There are many shades of obsidian in nature. The Weekend Challenge from GC and SueW, and their monthly color challenge for June, is the color Obsidian.
By coincidence, I was out in the yard yesterday morning rearranging some of the obsidian I’ve collected at nearby Glass Buttes. Here in Bend, Oregon, we recently had a huge storm with high winds, rain, and hail. My rocks all had a nice bath. 😉
Here are few portraits of obsidian rocks in my garden.
A piece of black obsidian in with the ice plants. I like to pick up pieces that have interesting textures.
Here’s a larger piece of black obsidian tucked in under the mint plants.
Here are a trio of mahogany obsidian rocks.
Here are three smaller pieces beneath a cholla cactus. Spotted mahogany colored rocks, like the middle piece in the photo below, are called leopardskin obsidian. If that’s true, is the striped piece on the left tigerskin obsidian? I don’t think so!
Go to OreRockOn and look under the Obsidian & Knapping for Sale tab to see pictures of many varieties of obsidian.
This is green sheen obsidian. It has stripes of green color crossing the black.
This piece of silver sheen obsidian is being guarded by a prickly pear cactus. Silver sheen, and other types of obsidian, have a sparkly iridescence when you tilt them in the light.
This gunmetal obsidian, next to an Oregon sunshine plant, blends in with the color of the gravel. Gunmetal is solid gray in color.
These are just a few of the many shades of obsidian located an hour away from my house. Lucky me!
To see some of the obsidian I have collected at Glass Buttes over the years, see:
I like rocks! Includes other rocks in my collection.
Game of Thrones fans may know what Dragonglass is but the rest of you may be going, “Huh?” The rock plays an important role in the story. Most people know it by the name obsidian. Like glass, obsidian fractures into pieces with sharp edges. It can be found in a wide variety of colors.
Obsidian forms when lava from a volcano cools rapidly with minimal crystal growth. Volcanic activity in Central Oregon is recent, in geological terms, so obsidian is fairly common in some areas. Lava flows covered hundreds of acres in this region. I have found obsidian in my yard between the sagebrush and bunchgrass. Isn’t this a cool piece?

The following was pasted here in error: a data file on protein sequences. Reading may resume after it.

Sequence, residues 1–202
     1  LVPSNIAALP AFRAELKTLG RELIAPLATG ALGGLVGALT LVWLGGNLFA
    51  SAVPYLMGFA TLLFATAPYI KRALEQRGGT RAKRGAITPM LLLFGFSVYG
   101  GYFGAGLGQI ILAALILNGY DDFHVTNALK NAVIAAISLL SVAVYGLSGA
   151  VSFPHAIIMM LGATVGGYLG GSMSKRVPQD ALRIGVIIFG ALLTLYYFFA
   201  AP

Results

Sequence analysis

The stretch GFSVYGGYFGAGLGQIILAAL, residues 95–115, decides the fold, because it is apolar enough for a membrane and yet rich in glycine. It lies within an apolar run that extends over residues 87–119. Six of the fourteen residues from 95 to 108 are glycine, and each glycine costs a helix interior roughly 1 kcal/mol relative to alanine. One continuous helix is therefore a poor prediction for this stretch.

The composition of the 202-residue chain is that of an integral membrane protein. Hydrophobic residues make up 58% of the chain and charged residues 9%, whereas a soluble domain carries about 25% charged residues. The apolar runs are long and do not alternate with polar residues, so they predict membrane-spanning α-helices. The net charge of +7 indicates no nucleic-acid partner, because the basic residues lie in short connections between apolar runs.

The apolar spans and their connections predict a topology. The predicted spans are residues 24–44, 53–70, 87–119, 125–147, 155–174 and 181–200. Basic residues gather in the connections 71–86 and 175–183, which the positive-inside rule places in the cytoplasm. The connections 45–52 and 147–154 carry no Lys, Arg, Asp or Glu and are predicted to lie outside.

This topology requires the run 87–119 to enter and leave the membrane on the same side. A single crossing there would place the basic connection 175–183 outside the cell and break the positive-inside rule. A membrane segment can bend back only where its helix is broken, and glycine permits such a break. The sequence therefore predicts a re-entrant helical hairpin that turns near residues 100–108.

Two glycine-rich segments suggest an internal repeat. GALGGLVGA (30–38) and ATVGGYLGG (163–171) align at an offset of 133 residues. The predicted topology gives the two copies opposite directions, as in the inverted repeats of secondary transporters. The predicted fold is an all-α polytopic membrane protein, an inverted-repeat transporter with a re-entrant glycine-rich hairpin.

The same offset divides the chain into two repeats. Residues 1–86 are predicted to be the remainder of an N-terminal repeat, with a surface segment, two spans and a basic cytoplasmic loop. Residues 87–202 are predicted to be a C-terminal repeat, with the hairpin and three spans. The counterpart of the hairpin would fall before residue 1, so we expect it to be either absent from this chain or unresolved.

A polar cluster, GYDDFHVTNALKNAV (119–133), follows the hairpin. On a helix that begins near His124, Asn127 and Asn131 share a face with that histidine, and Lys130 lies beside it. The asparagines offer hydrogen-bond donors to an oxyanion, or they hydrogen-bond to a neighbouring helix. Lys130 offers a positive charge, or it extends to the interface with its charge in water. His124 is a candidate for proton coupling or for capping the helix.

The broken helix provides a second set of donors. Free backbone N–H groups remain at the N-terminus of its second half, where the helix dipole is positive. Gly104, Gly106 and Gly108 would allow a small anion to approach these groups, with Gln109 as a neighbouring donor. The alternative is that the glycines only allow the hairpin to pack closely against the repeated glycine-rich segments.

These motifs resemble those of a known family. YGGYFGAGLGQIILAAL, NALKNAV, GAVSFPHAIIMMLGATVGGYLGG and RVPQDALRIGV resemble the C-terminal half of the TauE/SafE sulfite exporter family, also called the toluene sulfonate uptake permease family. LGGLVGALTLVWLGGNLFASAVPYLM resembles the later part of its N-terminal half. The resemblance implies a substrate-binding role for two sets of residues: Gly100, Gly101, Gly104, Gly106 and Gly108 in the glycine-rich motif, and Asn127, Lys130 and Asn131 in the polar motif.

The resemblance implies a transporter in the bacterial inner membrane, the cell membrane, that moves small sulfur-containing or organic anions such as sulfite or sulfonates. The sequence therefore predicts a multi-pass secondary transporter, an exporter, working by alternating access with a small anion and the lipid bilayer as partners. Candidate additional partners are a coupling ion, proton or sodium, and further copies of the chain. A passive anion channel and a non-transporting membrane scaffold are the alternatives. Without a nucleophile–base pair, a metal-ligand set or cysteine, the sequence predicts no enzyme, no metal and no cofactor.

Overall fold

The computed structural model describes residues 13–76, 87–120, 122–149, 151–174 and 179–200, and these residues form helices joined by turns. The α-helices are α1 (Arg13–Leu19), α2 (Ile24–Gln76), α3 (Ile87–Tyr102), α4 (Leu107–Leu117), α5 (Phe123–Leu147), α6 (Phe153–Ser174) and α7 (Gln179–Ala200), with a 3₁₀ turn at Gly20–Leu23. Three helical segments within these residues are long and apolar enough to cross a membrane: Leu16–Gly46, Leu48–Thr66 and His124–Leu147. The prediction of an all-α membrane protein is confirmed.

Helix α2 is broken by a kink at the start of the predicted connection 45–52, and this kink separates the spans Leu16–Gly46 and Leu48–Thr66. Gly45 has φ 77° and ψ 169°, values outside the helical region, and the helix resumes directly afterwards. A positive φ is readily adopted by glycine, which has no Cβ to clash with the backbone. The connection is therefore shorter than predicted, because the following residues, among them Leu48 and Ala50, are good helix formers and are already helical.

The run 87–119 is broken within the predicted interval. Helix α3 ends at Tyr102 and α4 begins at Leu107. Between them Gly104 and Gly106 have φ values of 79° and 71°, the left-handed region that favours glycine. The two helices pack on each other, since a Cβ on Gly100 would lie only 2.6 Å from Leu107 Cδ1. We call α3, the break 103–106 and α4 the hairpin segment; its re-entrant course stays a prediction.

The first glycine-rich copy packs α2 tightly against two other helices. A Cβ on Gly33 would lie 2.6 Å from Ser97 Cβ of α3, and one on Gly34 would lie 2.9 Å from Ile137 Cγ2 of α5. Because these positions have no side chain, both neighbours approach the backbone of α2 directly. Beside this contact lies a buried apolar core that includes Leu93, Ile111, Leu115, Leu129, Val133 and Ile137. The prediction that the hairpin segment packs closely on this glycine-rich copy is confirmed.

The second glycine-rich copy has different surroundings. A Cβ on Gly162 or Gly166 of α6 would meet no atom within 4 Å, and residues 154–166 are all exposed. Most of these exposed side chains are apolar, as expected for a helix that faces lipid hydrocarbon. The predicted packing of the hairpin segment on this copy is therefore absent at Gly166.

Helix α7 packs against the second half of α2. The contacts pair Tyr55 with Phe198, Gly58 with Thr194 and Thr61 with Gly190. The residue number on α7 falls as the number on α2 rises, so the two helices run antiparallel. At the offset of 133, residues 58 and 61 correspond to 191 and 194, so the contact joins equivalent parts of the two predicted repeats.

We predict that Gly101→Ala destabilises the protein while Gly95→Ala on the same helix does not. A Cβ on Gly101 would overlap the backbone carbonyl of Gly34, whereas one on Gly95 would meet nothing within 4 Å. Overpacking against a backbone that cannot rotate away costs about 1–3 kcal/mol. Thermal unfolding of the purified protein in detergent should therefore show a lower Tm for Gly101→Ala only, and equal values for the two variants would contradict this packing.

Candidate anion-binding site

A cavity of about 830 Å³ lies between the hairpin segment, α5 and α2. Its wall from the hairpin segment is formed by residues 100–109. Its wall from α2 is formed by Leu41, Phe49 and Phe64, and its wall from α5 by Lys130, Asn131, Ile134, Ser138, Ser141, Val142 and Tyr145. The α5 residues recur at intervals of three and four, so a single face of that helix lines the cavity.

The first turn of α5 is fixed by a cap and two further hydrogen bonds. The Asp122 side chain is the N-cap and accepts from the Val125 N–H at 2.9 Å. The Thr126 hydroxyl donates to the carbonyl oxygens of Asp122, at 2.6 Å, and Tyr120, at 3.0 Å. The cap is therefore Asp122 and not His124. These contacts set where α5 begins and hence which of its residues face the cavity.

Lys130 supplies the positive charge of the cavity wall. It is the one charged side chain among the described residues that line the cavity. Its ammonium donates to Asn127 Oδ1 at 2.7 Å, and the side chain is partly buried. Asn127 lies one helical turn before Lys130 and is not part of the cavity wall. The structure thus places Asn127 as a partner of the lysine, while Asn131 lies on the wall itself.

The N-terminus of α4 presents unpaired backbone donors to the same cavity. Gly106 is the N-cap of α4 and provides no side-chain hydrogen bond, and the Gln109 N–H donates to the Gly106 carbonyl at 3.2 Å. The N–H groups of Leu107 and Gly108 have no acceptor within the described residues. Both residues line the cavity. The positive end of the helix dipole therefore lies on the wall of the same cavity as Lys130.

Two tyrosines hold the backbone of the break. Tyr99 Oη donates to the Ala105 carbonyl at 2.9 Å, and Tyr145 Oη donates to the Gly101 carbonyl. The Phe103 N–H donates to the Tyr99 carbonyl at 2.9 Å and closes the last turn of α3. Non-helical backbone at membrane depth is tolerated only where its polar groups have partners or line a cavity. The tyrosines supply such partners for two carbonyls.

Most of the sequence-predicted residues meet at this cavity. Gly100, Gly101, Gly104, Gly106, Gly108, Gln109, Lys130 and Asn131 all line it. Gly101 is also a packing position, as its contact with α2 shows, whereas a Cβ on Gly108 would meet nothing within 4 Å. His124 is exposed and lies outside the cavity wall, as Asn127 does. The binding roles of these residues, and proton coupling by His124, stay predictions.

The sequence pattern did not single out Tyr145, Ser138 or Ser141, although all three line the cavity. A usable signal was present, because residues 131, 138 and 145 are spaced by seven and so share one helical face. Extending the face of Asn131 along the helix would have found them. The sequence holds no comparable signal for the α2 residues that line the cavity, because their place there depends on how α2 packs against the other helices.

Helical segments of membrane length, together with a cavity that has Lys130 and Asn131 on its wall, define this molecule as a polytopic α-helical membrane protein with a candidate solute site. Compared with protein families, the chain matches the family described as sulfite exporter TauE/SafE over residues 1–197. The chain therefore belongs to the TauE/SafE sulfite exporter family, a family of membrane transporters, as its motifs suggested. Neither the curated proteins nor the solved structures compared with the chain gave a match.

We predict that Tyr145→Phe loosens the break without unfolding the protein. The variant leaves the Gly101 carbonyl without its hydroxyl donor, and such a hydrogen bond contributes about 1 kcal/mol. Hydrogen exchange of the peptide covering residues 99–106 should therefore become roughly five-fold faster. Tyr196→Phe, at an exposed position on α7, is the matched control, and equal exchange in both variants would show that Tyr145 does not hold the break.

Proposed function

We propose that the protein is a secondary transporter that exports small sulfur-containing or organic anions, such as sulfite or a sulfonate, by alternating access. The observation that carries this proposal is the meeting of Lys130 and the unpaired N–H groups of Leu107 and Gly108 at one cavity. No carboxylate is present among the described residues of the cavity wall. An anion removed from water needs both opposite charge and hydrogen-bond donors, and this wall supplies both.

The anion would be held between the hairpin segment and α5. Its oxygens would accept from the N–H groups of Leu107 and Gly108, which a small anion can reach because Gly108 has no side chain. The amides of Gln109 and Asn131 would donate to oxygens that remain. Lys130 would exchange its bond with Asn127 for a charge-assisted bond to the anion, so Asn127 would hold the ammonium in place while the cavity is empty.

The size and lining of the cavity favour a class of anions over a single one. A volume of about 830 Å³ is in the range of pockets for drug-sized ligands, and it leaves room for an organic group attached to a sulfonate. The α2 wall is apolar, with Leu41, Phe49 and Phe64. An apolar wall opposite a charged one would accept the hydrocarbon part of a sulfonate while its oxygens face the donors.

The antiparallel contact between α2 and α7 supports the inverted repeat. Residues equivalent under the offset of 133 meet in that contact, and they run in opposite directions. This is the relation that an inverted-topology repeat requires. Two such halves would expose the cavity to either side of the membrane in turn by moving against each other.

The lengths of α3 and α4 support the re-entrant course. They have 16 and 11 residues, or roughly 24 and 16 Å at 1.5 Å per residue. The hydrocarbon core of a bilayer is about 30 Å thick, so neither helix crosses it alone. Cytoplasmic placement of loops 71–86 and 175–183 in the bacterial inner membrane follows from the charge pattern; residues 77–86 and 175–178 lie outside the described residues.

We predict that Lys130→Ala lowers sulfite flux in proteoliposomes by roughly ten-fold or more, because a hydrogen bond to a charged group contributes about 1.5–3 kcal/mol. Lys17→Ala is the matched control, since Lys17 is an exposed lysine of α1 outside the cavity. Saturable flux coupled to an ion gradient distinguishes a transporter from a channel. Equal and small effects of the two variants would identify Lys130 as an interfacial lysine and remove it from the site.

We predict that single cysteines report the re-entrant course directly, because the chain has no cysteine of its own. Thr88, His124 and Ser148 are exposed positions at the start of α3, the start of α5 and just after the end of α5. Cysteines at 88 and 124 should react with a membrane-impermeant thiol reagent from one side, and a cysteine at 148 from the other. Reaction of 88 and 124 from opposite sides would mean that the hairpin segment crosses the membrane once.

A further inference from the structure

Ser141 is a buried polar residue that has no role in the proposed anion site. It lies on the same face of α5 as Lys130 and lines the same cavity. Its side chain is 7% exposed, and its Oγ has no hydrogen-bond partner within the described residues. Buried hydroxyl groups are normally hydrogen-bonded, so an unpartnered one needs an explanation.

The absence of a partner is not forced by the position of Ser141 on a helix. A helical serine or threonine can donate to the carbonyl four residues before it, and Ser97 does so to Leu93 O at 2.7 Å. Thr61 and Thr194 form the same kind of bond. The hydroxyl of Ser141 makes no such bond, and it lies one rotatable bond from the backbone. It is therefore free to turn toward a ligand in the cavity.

I’m lucky because I live about an hour away from a place with TONS of obsidian called Glass Butte. When you drive along the dirt roads there, the streets are literally paved in “gold” in the form of obsidian. You are advised to have good tires on your car because that stuff can pop a tire fast.
Recent research has found obsidian is so sharp it cuts more cleanly than a metal scalpel blade. http://www.cnn.com/2015/04/02/health/surgery-scalpels-obsidian/
The varieties of obsidian at Glass Butte can be found in shades of black, silver, gold, mahogany, green, and rainbows of color. The obsidian is solid, striped, spotted, and clear. It sparkles and shines when the smallest ray of sunlight hits it. As you wander in the sagebrush covered hills at Glass Butte, it’s like being a kid in a candy store.
In my guest room I keep a dish full of obsidian where most people might place a bowlful of candy. Guests might be temporarily disappointed until they take a closer look. It is amazing!
People have been collecting obsidian and making arrowheads, spear points, knife blades, and scrapers with it since the Stone Age. Items made from obsidian have been found hundreds of miles away from the source.
Here is a site where you can learn more about obsidian.
This site has obsidian for sale but I like going to it to see pictures of the many different varieties. You can also purchase a detailed guide about rockhounding in Oregon here.